A lot of people have the misconception that trust funds are only for the rich. “Trust-fund babies” are often typecasted as spoiled, over-privileged young adults who rely on their parents’ wallets.
However, these stereotypes are likely not the norm. At its core, a trust fund is a vehicle for the transfer of assets. It’s a way for the grantor or the person who set up the fund to ensure that the beneficiary’s financial future is protected.
The main difference of trust funds from other estate planning tools (e.g., wills, business succession plans) is that the grantor can establish the conditions of how the assets are held, gathered, or distributed.
For example, you can set up a trust fund dedicated to your child’s schooling. If the beneficiary is a minor, the trustee (i.e., bank or institution who manages the fund) will oversee the assets, so you don’t have to worry about irresponsible spending.
As such, your family will benefit from a trust fund even if your net worth doesn’t amount to millions. An estate planning attorney typically guides you in setting up the trust, but a general practice law firm can also be helpful since trusts can touch on different branches of law.
Below are three reasons you should set up a trust.
Probate is a court-supervised process where a deceased person’s assets are located and evaluated. Whether you have a will or not, probate is likely to happen. It will either authenticate your last will or distribute your estate if you fail to specify the heirs.
Probate can be extremely time-consuming and expensive. Your family will want to avoid it, especially if they have medical bills or other expenses to pay. Plus, it has the potential of violating your privacy. Any assets left in a will are listed in public records.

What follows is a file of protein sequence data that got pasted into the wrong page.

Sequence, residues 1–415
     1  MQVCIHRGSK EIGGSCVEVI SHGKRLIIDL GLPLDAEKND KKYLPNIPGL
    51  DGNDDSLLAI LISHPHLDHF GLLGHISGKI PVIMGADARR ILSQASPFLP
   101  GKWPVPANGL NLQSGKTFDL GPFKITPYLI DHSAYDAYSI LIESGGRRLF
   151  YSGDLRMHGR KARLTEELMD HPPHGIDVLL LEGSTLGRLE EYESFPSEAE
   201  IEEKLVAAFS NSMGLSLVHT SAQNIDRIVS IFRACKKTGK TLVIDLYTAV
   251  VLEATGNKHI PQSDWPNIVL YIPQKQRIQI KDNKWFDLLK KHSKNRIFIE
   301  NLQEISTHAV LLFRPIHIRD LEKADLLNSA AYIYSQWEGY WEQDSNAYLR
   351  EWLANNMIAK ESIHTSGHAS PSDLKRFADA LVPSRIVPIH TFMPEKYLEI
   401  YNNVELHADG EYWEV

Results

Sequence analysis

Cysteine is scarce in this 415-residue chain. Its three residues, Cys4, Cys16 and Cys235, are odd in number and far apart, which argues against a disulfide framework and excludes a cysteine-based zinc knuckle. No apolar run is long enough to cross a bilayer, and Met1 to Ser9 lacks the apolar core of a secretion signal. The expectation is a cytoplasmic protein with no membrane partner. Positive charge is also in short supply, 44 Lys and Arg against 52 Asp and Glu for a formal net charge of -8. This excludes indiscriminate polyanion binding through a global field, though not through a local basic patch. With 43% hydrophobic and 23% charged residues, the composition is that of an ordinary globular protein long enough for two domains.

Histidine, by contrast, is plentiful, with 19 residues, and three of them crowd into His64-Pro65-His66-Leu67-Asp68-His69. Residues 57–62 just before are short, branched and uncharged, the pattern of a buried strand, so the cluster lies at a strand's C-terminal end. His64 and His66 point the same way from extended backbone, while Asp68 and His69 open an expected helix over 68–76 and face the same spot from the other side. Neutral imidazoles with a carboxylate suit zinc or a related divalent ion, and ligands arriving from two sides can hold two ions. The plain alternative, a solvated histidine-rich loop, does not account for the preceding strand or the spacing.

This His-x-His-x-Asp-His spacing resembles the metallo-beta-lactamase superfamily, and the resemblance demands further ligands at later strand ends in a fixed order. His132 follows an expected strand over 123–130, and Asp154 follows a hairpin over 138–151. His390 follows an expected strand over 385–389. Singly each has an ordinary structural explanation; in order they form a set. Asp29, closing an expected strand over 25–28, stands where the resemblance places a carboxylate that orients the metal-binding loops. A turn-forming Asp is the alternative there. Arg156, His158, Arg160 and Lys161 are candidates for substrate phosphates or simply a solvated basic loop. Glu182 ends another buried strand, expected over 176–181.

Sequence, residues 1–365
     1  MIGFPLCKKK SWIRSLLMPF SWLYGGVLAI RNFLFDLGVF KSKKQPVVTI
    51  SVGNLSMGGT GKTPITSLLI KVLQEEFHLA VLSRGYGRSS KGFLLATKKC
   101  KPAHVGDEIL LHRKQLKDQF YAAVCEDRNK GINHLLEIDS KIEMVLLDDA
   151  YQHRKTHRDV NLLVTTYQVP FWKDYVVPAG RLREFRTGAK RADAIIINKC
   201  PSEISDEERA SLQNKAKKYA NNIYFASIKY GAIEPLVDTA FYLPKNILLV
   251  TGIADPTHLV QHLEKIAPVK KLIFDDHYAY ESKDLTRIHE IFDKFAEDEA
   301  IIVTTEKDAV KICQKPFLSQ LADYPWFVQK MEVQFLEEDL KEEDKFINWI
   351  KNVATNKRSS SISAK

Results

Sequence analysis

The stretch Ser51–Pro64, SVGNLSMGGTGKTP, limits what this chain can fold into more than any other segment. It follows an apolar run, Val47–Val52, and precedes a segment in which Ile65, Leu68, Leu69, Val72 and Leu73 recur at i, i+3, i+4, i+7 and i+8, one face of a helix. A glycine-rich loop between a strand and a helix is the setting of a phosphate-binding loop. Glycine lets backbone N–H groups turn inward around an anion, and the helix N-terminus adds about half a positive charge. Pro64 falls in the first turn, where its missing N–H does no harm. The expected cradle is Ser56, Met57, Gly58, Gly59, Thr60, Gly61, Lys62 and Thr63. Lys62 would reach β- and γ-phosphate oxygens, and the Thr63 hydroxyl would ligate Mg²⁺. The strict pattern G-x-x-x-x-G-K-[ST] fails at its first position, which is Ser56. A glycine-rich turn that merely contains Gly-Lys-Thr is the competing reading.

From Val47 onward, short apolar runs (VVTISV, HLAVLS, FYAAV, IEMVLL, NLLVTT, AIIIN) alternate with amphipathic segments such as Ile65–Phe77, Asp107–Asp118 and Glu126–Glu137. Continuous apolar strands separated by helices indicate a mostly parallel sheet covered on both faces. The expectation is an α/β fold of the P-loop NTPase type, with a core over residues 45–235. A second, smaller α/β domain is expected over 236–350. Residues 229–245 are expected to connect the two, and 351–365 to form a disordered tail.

A trust lets your beneficiaries bypass this process, letting them access the properties you left more quickly.
Plan for incapacity or death
Planning your estate ensures that your family is cared for even when you can’t look after them anymore. If you become incapacitated or pass away unexpectedly, the trustee will know what to do, so your family won’t have to worry about paying your hospital bills, funeral expenses, costs of a long-term care facility, or whatever care you need.
If the beneficiary dies and the trust still has money, you can specify where the remaining assets will go. You can direct the remainder of the trust to your other children or the late beneficiary’s kids. Another option is to let that heir decide what happens to the remaining assets should they suddenly pass.
Reduce your taxes
Assets placed in a trust are exempted from estate taxes. Plus, once you put properties into a trust, they are no longer yours. This means you don’t have to pay income tax for the money you make from these assets. If you’re in a higher income tax bracket, setting up an irrevocable trust can help move you to a lower bracket.
You’ve worked hard your entire life to earn money and acquire assets. Even if you’re not a high net-worth individual, setting up a trust is a wise decision. It’s a way to protect your family, provide their necessities, and guarantee their comfort long after you pass on.